gave me the extra strength to lay him on his back.
I then dragged his godforsaken Gertrude Steinish
hide to the tree in the orchard that opposed the
tree in another orchard I had read about. That was
pure instinct I believe. One cowboy I know liked
to say that the station he worked on was bigger
than Deconstruction. He read Corbière and Marx
in the cowboy editions but by the time they reached
him cowboy was an extinct language.

From the Prime Minister’s Literary Award Shortlist this collection is my favourite by far, a work embedded in 2016, unlike three of the other collections that although fine in style and structure are more collections that would be in place in a 1980’s high school class. Congratulations to Giramondo Press for bringing this book to a wider reading public, a shout out to the PM Literary Award Judges, Ms Louise Adler AM (chair), Mr Jamie Grant, Dr Robert Gray and Mr Des Cowley, for including a bold unique work on the shortlist, I have my fingers crossed that they continue the boldness on Tuesday night and recommend this collection as the winner. Noting that the judges make a recommendation to the Prime Minister, with him having the final decision, therefore we will not know if the judges do recommend any work with Malcolm Turnbull overruling their recommendation!

In order of preference here are my selections for the Award:

Cocky’s Joy by Michael Farrell (Giramondo)

The Hazards by Sarah Holland-Batt (University of Queensland Press)

The Ladder by Simon West (Puncher & Wattmann)

Net Needle by Robert Adamson (Black Inc.)

Waiting for the Past by Les Murray AO (Black Inc.)

I wouldn’t be surprised to see any of the works win the award though, with such diversity on the shortlist it is impossible to know how the judges will lean, although I would be happy with either Michael Farrell or Sarah Holland-Batt, both more relevant and contributors “to the nation’s cultural and intellectual life” (the award’s mandate).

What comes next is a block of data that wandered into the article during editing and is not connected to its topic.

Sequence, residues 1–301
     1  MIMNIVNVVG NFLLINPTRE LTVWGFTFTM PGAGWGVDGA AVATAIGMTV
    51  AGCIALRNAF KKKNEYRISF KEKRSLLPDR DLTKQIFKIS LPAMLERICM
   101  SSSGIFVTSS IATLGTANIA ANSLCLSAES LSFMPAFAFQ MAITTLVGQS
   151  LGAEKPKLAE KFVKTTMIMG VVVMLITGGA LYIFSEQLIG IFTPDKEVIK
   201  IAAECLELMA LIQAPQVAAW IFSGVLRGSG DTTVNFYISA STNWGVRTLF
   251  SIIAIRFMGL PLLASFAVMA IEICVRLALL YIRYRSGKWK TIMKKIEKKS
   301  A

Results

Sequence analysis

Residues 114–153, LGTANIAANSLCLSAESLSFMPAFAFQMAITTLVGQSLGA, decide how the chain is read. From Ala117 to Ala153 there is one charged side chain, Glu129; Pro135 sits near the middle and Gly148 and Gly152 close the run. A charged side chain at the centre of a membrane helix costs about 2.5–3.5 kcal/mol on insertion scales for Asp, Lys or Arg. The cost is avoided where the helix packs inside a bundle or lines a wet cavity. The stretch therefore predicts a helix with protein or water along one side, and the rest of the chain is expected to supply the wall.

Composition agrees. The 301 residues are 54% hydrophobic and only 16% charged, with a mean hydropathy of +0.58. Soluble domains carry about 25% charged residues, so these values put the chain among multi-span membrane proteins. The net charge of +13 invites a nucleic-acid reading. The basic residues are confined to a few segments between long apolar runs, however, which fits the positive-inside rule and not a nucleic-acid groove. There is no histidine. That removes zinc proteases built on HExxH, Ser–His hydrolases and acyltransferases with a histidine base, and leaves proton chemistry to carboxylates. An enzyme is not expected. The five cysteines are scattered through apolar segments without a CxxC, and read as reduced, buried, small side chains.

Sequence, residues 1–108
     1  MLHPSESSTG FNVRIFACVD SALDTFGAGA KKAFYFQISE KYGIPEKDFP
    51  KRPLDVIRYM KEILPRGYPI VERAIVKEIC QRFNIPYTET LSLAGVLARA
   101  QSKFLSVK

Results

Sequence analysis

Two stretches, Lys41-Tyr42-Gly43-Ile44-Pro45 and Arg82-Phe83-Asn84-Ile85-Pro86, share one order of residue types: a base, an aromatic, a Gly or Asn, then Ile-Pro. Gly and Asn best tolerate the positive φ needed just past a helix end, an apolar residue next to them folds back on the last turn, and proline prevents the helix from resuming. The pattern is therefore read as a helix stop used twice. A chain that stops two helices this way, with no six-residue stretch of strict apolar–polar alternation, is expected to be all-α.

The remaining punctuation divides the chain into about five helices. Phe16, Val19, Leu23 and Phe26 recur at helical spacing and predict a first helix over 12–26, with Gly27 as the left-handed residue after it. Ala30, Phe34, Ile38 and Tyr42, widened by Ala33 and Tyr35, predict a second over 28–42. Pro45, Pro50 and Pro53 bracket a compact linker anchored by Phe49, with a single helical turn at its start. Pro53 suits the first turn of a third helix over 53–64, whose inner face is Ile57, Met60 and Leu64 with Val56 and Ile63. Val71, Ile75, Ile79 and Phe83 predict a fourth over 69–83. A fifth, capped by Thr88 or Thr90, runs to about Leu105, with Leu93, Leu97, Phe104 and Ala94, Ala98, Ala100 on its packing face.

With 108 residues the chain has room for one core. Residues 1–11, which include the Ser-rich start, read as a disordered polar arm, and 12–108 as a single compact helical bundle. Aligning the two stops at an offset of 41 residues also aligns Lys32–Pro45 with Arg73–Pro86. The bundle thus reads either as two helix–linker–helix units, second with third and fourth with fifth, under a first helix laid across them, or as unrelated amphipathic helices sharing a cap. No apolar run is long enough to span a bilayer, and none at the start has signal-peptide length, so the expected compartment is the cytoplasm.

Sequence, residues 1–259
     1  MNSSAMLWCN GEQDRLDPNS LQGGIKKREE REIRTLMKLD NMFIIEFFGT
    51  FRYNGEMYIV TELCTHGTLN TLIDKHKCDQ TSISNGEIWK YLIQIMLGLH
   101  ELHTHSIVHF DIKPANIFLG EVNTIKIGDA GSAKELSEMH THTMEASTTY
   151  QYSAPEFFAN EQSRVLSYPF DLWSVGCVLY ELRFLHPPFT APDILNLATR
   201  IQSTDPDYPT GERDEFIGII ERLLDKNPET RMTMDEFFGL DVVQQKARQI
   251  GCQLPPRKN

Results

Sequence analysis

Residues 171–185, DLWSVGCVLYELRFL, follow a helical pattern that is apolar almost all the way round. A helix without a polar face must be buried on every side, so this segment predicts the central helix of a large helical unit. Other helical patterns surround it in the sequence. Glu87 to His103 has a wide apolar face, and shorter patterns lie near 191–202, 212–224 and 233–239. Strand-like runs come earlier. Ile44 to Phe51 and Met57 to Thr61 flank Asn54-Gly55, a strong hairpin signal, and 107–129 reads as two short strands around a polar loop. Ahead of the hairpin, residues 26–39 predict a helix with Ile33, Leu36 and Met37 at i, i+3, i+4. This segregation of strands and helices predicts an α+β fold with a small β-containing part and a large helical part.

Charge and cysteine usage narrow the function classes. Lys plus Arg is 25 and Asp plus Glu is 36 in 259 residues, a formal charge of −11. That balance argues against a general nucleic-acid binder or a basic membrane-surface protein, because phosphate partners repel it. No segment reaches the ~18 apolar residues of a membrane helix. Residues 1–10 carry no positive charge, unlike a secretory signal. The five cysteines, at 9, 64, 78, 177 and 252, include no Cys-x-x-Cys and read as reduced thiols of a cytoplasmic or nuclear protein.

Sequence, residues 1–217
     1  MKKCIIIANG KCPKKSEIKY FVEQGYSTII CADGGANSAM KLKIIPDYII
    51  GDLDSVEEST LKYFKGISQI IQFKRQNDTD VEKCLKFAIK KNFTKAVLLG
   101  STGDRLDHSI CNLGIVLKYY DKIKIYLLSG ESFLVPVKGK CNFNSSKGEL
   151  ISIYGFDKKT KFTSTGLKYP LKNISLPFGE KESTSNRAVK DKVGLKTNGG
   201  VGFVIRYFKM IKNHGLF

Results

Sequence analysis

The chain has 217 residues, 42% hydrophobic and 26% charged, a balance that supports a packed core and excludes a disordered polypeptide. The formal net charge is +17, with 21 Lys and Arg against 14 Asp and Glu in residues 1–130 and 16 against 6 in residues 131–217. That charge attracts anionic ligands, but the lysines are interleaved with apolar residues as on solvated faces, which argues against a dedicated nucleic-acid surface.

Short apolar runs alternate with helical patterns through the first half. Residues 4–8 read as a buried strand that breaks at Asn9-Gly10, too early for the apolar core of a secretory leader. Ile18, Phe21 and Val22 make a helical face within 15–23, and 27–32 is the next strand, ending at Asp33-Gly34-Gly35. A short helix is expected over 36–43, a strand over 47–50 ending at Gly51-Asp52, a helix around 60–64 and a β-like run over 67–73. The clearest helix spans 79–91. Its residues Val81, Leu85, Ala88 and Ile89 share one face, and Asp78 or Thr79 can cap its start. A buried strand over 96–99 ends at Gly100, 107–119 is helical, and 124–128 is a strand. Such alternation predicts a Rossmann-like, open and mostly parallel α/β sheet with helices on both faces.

I interviewed Michael via email, I’m sure a number of his responses will appeal to readers here, let’s hope it extends his readership, and if any of my non-Australian readers buy the book and are unsure of the Australian references, drop me a line, in a lot of cases I’d be able to help out.

TM. If poetry is meant to evoke specific memories then I love the Countdown and 70’s & 80’s pop references, was there a specific thought process in adding/scattering these references?
MF. Pop music is a big part of the way I think about words/phrases, and to some extent poetic form. Countdown, and American Top 40 were highlights of the week when I was a kid. The references are added or scattered, (and there are 21st C refs too – Kanye, Pink), they’re just part of my image repertoire; and part of creating a particular affect/vibe. I want to write equivalents of great songs – the feel as much as the form.